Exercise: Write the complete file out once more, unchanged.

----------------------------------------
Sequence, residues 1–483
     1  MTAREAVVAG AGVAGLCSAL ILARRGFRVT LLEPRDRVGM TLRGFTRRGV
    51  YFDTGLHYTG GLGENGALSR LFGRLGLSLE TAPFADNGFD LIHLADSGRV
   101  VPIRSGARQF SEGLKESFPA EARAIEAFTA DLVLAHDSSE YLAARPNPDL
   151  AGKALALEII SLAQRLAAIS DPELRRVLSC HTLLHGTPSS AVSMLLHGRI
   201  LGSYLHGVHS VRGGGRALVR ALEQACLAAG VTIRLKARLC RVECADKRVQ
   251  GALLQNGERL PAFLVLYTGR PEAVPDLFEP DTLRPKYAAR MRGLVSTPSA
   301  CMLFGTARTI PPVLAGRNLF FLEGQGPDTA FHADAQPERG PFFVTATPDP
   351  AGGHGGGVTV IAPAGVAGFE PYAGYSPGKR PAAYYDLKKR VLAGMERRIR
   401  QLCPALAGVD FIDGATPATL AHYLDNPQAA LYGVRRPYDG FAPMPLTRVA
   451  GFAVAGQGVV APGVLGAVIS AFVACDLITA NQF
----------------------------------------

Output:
Sequence, residues 1–483
     1  MTAREAVVAG AGVAGLCSAL ILARRGFRVT LLEPRDRVGM TLRGFTRRGV
    51  YFDTGLHYTG GLGENGALSR LFGRLGLSLE TAPFADNGFD LIHLADSGRV
   101  VPIRSGARQF SEGLKESFPA EARAIEAFTA DLVLAHDSSE YLAARPNPDL
   151  AGKALALEII SLAQRLAAIS DPELRRVLSC HTLLHGTPSS AVSMLLHGRI
   201  LGSYLHGVHS VRGGGRALVR ALEQACLAAG VTIRLKARLC RVECADKRVQ
   251  GALLQNGERL PAFLVLYTGR PEAVPDLFEP DTLRPKYAAR MRGLVSTPSA
   301  CMLFGTARTI PPVLAGRNLF FLEGQGPDTA FHADAQPERG PFFVTATPDP
   351  AGGHGGGVTV IAPAGVAGFE PYAGYSPGKR PAAYYDLKKR VLAGMERRIR
   401  QLCPALAGVD FIDGATPATL AHYLDNPQAA LYGVRRPYDG FAPMPLTRVA
   451  GFAVAGQGVV APGVLGAVIS AFVACDLITA NQF